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Franck Pachot
Franck Pachot

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Isolation Levels - part II: Characteristics and use-case

In the previous post I introduced the importance of understanding isolation levels. Before a more detailed description, here is the principal characteristics of each isolation level.

Descriptions of isolation levels are often incomplete or incorrect because the SQL Standard defined them when not all potential anomalies were clearly articulated. Only three phenomena were described. Furthermore, the definition relied on a possible implementation involving locks for both reads and writes. However, in practice, almost no database implements isolation levels using such aggressive locks, as it would not be performant and scalable.

Modern databases utilize Multi-Version Concurrency Control (MVCC), which offers read isolation without locks. They add some locking or conflict detection on top of it. This article aims to elucidate isolation levels for developers, focusing on databases that implement MVCC and providing all SQL isolation levels on top of it.

The summary is in the following table, and more explanations will follow in the next posts.

MVCC Isolation level Serializable Snapshot Isolation Snapshot Isolation Read Committed NoSQL-like single-object consistency
Set by (in YugabyteDB or PostgreSQL) Serializable Repeatable Read & Read Only Read Commited & Read Uncommited Non-Transactional write
Use case OLTP complex transactions with no explicit locking, and guaranteed without anomalies OLTP short transactions with retry logic, or long read-only transactions OLTP preventing anomalies with explicit locking rather than retry logic Fast data-ingest that doesn't require atomic visibility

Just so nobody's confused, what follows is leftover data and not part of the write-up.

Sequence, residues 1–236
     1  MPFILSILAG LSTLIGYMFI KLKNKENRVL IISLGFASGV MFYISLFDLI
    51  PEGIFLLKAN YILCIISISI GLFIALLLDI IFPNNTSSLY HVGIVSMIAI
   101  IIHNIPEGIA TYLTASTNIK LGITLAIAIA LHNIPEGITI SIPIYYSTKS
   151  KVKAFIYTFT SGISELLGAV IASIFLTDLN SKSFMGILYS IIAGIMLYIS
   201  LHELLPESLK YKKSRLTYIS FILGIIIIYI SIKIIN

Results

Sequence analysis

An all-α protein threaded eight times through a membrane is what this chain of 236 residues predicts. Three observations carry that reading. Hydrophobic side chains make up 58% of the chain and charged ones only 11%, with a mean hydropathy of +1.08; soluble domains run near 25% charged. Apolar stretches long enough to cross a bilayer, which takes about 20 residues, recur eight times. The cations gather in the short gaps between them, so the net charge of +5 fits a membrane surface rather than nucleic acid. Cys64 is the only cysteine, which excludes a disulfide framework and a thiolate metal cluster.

Read Time start of transaction start of transaction start of statement Depends on transaction isolation level
Write Time commit (if no anomalies) commit (if no anomalies) commit (if no deadlocks) each row has its write time
Development Constraints retry logic retry logic for basic anomalies and explicit locking if possibility of write skew explicit locking to avoid read and write skew and lost update, and statement ordering for deadlocks enable non-transactional write

(implicit only for sequences)

Implementation in MVCC Snapshot Isolation + read intents Snapshot Isolation Snapshot per statement, statement restart row timestamp is the write time rather than the commit time
Implementation specificities
  • still shows some anomalies
  • set with "serializable"
  • The default and most used
  • waits on enqueue
  • update restarts to get consistent result in RC
(in-Memory fast ingest)
SQL Server
  • predicate lock with range locks
  • Only with read locks
  • The default with read locks
  • No read locks when using MVCC snapshots
  • no restart (lock and wait)
  • predicate lock with range locks
  • default but not fully complies with RR
  • keeps track of predicates
  • anomaly detection at commit
  • all conflicting transactions must be serializable
  • waits on enqueue
  • no restart (can be inconsistent)
  • default
  • keeps track of read intents (distributed)
  • anomaly detection on writes
  • all conflicting transactions must be serializable
  • the default only when RC is disabled
  • the default (when RC is enabled)
  • wait queue, update restarts, deadlock detection

In the next posts of this series, I dig into more specific details about certain SQL databases while excluding those that don't utilize MVCC. These databases require locking for all operations, including reads that can block writes. The classical isolation levels encompass dirty reads, apply to these databases, and can be found in older literature.

I primarily focus on databases that implement all SQL isolation levels and exclude those not compatible with most SQL applications built with Read Committed.

The topic is complex, and some databases may have changed their behavior through versions. Please comment if you find anything inexact.

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